HARRISBURG — Jerry Sandusky appealed a decision to revoke his $59,000-a-year pension, arguing the law does not support the action by the Pennsylvania State Employees' Retirement System.
Sandusky attorney Charles Benjamin's five-page letter to the system's board, dated Nov. 21, was obtained Wednesday by The Associated Press through the state Right-to-Know Law.
Benjamin wrote that Sandusky's pension rights became vested in 1969 and amendments to state law did not change them. He argued that Sandusky, a Penn State assistant football coach who retired in 1999, was not a university employee when tougher forfeiture rules were passed in 2004.
“We trust that SERS, upon further reflection, will agree that no legal basis exists for forfeiture of Mr. Sandusky's vested retirement benefits,” Benjamin wrote. He did not return messages seeking comment.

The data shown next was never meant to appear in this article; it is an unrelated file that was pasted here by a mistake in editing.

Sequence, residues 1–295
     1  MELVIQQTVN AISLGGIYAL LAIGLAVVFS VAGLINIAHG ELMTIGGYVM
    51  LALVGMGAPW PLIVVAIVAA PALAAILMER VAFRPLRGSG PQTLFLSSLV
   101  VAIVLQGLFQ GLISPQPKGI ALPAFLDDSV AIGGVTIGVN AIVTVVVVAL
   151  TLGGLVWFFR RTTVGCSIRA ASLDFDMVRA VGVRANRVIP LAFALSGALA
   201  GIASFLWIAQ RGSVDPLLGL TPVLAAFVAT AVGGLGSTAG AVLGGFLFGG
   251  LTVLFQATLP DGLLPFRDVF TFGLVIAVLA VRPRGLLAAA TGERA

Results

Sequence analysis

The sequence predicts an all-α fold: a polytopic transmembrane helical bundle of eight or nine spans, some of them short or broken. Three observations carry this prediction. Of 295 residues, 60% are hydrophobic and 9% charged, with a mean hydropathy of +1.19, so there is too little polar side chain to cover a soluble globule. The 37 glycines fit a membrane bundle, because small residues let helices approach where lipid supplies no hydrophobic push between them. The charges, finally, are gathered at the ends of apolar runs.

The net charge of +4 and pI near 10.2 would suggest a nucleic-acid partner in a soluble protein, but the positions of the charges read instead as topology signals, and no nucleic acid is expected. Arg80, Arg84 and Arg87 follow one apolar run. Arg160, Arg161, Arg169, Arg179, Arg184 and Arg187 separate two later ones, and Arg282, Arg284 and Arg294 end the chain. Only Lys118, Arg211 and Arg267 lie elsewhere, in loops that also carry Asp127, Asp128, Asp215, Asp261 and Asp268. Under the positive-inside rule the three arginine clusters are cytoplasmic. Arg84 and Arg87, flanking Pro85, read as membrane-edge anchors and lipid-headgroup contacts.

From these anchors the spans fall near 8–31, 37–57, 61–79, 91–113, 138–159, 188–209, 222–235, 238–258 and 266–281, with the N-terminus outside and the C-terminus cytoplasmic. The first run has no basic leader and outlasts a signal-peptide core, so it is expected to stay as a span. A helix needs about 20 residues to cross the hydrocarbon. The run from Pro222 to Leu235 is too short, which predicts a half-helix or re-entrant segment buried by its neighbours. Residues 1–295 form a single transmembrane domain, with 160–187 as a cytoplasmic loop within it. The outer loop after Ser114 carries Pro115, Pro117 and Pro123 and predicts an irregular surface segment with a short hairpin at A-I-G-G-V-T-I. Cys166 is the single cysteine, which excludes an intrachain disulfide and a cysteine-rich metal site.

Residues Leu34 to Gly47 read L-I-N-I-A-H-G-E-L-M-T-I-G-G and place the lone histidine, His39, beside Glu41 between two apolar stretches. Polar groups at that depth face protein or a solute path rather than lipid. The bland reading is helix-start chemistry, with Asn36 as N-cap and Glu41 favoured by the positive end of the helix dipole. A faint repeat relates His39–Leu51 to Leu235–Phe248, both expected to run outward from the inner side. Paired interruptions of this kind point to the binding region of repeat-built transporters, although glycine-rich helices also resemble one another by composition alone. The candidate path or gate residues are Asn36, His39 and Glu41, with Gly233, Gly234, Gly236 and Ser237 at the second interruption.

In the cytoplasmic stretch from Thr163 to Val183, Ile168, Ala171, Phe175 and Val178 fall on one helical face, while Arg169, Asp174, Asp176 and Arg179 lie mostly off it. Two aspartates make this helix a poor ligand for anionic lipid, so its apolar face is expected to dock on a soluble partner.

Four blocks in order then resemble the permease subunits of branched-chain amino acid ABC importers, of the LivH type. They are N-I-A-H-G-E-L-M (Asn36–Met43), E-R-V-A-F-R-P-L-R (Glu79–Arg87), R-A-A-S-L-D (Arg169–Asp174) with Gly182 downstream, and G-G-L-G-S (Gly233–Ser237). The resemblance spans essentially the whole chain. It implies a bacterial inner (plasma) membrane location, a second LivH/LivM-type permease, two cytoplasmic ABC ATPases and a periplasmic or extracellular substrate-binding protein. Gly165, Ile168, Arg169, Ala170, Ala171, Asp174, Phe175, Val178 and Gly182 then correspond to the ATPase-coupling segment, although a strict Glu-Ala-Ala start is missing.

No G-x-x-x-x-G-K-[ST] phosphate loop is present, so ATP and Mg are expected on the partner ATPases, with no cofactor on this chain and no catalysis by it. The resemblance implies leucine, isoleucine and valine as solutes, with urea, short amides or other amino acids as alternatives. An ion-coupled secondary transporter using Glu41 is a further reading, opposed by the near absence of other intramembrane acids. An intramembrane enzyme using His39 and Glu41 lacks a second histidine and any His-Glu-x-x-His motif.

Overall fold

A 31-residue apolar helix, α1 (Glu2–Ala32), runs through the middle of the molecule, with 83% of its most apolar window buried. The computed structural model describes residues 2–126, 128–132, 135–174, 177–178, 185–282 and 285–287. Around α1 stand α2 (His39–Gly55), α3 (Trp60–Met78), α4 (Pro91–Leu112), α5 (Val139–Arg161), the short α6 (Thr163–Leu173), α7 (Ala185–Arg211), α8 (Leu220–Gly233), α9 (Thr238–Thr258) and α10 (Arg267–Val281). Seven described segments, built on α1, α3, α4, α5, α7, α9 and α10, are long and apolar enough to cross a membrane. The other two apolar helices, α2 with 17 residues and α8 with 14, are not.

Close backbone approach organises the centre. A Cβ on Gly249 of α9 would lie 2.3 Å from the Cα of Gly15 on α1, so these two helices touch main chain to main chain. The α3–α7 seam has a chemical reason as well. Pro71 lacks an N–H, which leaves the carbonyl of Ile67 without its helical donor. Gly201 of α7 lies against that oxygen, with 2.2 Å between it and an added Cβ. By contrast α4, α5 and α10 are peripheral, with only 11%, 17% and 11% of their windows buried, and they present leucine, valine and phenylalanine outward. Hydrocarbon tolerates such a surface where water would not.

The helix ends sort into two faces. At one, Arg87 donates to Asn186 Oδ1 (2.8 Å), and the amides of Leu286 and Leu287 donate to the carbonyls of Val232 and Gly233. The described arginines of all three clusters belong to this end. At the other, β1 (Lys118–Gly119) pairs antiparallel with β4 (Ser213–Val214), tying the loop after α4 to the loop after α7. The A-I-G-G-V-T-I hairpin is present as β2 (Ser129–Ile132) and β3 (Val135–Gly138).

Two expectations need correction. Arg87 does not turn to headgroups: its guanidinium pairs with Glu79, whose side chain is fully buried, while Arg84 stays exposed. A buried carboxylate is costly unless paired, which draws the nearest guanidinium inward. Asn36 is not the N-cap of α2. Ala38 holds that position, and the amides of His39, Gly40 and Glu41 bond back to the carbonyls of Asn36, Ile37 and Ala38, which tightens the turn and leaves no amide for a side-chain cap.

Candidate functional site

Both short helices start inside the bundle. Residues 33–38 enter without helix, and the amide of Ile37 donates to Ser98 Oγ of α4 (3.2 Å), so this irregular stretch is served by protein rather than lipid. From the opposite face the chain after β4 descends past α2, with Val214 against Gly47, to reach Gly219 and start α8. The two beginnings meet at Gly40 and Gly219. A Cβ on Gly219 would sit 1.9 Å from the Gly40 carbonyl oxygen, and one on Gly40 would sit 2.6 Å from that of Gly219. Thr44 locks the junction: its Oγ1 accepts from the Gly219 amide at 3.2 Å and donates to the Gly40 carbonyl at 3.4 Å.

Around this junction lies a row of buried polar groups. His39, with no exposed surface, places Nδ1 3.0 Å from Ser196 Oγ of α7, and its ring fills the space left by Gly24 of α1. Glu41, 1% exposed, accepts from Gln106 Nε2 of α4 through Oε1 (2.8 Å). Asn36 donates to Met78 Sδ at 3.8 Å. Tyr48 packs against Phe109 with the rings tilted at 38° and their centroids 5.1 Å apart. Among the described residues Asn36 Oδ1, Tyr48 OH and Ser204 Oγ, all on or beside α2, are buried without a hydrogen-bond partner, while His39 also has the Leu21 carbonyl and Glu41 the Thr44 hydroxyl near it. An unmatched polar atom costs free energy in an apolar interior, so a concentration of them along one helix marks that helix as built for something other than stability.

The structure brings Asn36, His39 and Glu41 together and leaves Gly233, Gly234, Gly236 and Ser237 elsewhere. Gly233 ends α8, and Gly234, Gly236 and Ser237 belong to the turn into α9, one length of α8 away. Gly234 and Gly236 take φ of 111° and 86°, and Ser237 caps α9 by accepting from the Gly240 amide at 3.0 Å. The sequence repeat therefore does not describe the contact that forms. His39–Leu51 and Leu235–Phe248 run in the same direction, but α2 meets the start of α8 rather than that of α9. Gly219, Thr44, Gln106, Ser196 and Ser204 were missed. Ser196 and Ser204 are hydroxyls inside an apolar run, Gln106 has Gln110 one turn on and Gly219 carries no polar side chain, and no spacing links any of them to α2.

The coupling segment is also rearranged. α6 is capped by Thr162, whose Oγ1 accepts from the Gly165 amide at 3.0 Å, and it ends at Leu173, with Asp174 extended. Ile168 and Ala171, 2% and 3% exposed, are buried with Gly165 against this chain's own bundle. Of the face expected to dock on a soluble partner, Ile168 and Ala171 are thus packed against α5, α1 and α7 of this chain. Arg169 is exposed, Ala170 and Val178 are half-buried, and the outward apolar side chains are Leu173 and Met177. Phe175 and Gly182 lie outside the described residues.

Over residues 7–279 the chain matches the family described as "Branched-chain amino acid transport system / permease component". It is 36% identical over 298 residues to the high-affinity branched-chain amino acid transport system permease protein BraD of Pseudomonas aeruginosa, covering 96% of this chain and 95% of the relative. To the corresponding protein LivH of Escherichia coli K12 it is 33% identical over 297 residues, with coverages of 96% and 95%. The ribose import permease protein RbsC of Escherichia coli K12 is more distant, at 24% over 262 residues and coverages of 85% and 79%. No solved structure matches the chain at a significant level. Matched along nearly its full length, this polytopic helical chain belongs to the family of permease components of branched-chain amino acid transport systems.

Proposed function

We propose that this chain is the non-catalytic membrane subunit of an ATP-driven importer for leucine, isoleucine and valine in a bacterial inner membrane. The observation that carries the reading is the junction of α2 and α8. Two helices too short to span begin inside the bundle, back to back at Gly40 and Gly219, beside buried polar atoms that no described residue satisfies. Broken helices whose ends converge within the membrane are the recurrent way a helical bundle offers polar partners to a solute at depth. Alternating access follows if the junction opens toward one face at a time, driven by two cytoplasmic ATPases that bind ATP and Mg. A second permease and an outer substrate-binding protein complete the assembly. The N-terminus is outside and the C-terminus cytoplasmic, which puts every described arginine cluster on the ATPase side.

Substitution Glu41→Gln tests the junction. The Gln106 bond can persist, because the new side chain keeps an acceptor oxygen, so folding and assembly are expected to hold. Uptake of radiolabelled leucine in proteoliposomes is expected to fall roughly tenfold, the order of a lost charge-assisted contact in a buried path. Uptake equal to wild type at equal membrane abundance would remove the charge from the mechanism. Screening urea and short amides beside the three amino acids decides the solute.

The retirement system yanked Sandusky's pension after a judge in October sentenced him to 30 to 60 years in state prison for sexual abuse of 10 boys.
The retirement system said Sandusky's convictions for involuntary deviate sexual intercourse and indecent assault triggered forfeiture provisions of the state's Public Employee Pension Forfeiture Act.
Benjamin said the pension board's argument that Sandusky was a “de facto” employee of Penn State in later years was “illogical and untrue.”
He said many of the payments made by the university to Sandusky after 2004 were smaller speaking fees and that tax records indicate Sandusky described himself after retirement either as self-employed or as a consultant to the charity for children he founded, The Second Mile.
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